In part one of this post I explored the performance and perceptions of customer service, comparing social media to voice and other channels. I left off on the point that, perhaps, social customer service is really about quality and culture, rather than sheer responsiveness.
Call centres have a justified reputation for being obsessed with their own agendas over those of the customer. To be fair, some have broken free, however many remain stuck. Meanwhile some brands doing Twitter are brilliant examples of being human, approachable and authentic.
- O2 during their network meltdown in 2012
- Virgin Money’s CEO who promotes herself as part of the service team
- The oddball collection of advisor photos on the Ford Twitter site which act as a perfect foil to ‘anonymous global brand’ syndrome
When we are looking at this category of examples, social customer service is breaking new ground. No doubt about it and one which the incumbent customer service industry should learn from. Where I do disagree is with the current assumption that social channels are clearly and always better than call centre delivered service experience.
And I will tell you why I think this.
Going back to my opening point, I do a lot of reading. I’m always pleased to find examples of organisations being praised for being ‘good’ at social. Often this is described in terms of a key metric that appears on everyone social media dashboard. It’s that wonderful sounding word – Engagement.
Engagement is an interesting concept as used in the social media space. It indicates we have the customer’s attention. They have responded to us. The like us, they re-tweet us etc. Remember we are still in the phase of Marketing rediscovering how to be relevant to an empowered consumer who is low on brand trust.
While these metrics are easy wins, in truth these are pretty superficial indicators and do not match the original meaning of the word engagement which is more to do with the feeling of being involved in something that matters.
The reason I mention this is that the examples I keep stumbling across of great social customer service are being praised for great ‘engagement’. For a while I simply accepted this and used them in my seminars and keynotes. However one day I decided to go look for some screenshots to show what this engagement actually looked like since we all learn better with real examples.
I was not impressed.
I’m not going to name and shame individual brands since it is pretty easy to go find examples for yourself and take away the right lessons. However they are some principles worth mentioning.
Social customer service loses a major advantage when advisors are allowed to simply cut and paste their initial response. That was what we criticised call centres for. This time the impact is even worse since everyone else can easily assess the house style and so this formulaic approach looks even worse.
Even if the call to action 99% of the time is to suggest that the customer direct messages you (which to my mind is done far too often) we need to make the effort to remain fresh and original for each individual customer.
And as a final comment on this topic, there is one well known brand that caveats every interaction with the word ‘appears’ as in “I’m sorry that it appears….”. No doubt this is the influence of Legal and their wish to impose up front damage control. However I noticed one exchange in particular in which a customer simply lost it around being patronised etc. So beware.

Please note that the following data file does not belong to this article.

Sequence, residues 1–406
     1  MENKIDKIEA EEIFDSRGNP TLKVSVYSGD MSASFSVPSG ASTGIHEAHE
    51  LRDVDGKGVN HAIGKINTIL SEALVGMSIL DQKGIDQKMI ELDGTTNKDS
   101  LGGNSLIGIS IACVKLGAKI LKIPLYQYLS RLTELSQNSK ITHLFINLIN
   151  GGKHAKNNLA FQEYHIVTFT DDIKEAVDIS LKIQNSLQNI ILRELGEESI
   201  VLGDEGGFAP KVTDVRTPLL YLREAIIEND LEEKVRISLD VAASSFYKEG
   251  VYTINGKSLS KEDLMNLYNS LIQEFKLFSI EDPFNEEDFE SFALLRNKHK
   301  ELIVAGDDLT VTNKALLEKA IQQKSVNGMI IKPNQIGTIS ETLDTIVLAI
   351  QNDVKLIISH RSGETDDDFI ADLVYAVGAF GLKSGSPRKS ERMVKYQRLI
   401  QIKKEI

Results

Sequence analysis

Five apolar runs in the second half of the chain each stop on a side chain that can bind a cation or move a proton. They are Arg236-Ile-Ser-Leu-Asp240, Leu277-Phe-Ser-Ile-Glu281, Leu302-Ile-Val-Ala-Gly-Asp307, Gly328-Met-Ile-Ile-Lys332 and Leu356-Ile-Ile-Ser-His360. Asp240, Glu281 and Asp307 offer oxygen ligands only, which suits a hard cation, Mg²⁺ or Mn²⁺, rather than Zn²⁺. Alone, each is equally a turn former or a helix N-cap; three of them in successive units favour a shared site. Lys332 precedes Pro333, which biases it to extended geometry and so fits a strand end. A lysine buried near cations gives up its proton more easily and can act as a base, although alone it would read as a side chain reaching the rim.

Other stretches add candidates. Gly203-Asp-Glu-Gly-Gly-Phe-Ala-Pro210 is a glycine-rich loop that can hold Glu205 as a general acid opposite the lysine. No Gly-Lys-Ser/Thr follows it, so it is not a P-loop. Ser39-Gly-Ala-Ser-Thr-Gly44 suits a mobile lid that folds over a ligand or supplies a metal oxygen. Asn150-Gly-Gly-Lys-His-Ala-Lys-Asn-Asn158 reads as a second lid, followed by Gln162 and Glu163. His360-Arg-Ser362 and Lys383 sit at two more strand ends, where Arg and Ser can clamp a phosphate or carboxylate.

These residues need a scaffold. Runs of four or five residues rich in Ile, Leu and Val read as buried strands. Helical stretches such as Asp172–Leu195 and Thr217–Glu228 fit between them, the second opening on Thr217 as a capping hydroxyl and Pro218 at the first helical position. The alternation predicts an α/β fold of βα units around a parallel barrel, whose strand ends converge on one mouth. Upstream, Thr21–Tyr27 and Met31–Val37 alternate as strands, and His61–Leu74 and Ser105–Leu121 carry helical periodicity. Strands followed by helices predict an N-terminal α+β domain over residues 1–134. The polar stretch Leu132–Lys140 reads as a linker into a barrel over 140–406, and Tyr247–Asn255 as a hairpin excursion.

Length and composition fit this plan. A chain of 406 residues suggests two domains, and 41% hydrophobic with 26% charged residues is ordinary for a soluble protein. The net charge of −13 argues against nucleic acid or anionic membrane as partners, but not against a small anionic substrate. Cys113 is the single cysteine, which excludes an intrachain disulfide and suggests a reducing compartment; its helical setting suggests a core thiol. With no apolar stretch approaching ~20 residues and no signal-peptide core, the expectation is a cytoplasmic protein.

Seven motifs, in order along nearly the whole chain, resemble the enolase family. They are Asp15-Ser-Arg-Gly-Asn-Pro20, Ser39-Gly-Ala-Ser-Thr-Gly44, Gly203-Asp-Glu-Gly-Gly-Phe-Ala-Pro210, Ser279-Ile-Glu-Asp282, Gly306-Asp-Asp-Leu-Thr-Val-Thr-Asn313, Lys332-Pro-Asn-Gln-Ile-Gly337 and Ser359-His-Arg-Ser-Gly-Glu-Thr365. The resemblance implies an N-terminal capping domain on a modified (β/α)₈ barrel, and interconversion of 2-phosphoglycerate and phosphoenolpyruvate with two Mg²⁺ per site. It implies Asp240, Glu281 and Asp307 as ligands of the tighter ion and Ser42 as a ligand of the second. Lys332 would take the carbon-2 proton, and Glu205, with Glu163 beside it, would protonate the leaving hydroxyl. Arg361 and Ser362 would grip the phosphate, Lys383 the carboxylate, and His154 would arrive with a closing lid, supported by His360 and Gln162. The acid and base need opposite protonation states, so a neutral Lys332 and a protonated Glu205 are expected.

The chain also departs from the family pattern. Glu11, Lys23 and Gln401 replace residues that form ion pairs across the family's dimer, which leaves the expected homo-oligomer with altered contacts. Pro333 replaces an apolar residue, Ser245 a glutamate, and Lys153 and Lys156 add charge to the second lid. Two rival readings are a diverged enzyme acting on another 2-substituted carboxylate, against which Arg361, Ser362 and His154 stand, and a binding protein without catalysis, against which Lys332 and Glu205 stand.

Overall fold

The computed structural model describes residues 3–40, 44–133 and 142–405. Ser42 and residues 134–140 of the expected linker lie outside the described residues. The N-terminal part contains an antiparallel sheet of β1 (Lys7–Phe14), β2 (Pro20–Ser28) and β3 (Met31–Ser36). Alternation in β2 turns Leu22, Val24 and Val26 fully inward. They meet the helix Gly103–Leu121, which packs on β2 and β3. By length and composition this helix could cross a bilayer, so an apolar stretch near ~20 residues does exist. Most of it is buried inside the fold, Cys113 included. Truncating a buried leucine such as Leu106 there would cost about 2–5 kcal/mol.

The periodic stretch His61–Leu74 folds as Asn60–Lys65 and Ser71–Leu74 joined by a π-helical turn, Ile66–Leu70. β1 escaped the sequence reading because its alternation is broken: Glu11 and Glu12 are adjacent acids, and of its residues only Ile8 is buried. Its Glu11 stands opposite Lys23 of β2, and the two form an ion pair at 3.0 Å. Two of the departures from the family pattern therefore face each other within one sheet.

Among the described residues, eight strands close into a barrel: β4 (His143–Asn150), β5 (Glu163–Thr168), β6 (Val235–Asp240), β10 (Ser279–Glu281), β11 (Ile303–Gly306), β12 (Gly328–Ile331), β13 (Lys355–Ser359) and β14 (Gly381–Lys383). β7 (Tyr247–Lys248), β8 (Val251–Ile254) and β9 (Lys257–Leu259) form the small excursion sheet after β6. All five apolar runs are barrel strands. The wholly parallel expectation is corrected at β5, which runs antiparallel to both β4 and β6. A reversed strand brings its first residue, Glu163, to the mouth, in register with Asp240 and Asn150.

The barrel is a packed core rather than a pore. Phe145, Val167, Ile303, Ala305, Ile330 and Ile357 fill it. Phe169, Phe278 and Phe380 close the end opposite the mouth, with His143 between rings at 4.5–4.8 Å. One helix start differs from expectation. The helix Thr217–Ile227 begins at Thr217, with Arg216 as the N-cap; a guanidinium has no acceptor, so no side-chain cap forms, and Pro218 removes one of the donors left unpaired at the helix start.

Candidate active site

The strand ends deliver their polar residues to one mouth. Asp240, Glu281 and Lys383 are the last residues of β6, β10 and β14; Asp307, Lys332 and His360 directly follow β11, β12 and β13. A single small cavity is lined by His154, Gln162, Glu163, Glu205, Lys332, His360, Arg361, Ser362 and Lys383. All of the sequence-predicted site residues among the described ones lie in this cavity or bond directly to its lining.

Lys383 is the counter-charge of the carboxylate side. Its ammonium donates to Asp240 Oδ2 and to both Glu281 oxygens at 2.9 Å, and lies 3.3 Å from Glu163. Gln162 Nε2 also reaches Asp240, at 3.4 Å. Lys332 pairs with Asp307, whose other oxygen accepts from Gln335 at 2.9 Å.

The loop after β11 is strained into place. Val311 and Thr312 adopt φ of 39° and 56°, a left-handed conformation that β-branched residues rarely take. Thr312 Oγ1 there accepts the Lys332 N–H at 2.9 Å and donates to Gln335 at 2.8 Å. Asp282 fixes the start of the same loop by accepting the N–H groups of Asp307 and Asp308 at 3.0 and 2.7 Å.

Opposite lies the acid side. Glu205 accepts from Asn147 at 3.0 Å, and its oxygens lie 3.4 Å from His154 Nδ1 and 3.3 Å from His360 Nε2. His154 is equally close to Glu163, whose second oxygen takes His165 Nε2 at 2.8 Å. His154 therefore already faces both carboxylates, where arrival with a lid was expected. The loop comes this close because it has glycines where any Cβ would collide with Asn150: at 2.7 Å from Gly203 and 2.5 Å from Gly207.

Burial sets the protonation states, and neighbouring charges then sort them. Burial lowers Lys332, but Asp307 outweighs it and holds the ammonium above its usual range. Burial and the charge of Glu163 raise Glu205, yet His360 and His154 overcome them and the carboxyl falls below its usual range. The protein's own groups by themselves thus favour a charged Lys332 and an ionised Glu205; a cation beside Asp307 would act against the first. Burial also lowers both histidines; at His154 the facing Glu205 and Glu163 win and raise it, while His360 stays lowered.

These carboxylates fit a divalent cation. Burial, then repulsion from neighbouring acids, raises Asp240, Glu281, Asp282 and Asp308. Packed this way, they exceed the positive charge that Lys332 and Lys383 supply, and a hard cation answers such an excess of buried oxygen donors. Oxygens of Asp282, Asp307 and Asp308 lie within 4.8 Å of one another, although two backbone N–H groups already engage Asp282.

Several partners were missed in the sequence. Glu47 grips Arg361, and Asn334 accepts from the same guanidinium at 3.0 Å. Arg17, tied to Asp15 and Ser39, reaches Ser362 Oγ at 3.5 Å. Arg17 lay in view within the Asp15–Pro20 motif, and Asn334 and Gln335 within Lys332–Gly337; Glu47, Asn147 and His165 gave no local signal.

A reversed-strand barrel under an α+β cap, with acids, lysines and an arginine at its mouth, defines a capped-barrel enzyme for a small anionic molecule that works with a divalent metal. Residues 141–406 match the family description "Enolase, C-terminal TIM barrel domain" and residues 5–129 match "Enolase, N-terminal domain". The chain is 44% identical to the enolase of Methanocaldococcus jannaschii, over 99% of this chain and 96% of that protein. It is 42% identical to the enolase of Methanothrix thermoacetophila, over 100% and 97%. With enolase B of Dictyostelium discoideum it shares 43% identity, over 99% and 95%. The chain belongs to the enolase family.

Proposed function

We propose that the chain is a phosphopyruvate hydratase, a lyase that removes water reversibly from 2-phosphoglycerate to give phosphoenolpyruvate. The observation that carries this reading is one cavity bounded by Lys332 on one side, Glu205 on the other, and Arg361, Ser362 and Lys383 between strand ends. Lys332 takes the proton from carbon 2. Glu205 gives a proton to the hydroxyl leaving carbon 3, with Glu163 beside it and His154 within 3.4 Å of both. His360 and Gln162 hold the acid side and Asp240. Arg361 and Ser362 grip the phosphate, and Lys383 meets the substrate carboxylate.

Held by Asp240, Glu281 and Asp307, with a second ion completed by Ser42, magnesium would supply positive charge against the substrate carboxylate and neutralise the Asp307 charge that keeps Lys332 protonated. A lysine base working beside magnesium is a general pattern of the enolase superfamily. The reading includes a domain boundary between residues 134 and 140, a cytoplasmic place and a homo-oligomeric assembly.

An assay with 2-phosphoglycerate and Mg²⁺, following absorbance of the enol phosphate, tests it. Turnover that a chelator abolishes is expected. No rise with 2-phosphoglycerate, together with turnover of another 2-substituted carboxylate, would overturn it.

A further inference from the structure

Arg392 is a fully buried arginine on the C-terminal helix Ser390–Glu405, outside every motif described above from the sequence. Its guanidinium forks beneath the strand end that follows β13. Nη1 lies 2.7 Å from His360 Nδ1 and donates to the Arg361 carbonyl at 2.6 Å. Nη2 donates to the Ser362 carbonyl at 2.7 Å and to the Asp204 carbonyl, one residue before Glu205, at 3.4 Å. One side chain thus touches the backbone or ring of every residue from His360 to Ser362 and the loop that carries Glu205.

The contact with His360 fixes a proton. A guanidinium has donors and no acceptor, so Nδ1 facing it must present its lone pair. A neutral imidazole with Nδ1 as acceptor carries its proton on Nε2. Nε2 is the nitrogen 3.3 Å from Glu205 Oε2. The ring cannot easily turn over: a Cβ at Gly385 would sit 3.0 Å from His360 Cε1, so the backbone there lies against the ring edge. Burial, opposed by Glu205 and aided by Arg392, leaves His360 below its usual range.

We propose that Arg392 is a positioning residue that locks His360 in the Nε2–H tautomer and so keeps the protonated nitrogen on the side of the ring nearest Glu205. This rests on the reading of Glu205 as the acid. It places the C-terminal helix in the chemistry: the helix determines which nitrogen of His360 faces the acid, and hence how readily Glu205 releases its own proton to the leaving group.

Most customer service is about solving the same old problems. That’s why Interaction Analytics is now making such headway in traditional call centres so we can ‘stop doing dumb things to customers’. The same applies to social channels. In fact even more so since the repetition of doing ‘dumb things’ is clear for all to see. The impact is to make the brand look unresponsive and uncaring. Brand managers take note please and intervene.
Let me give you an example. Twelve out of the top twenty UK retailers are on Facebook. Where ever a point of sale exists, the need to provide service quickly follows. My impression from sampling a few of them is that delivery issues are the most common and contentious issue for their Facebook customers.
Omni-channel retailing is logistically tough and we all know retailers are fighting to survive. It seems many have tried to economise on delivery costs. However these problems then turn up en masse online for all to see. They need to be fixed. Certainly in the context that all retailers are currently fighting like cats to deliver the best customer experience.
Where is the feedback loop from the social customer service team back into the business? Who in the customer experience team is sweating to make fundamental improvements yet meanwhile is sorting out short term compensation tactics?
This is still a tough act of co-ordination within mainstream Customer Service. Let’s hope socially sourced customer insight receives better treatment.
If you have managed to read this far, thanks for staying the course. I hope I have offered some constructive criticism for us all to consider. Each year the optimists amongst us proclaim this is the time social customer service goes mainstream. Personally I would hope we fix a few things before more customers get exposed so that the vision for social customer service is realised before it is completely over egged.
Martin Hill-Wilson is running a unique 1-day training course on ‘Social Customer Service’ in London on (12th March 2013). Places are limited and tickets are available here.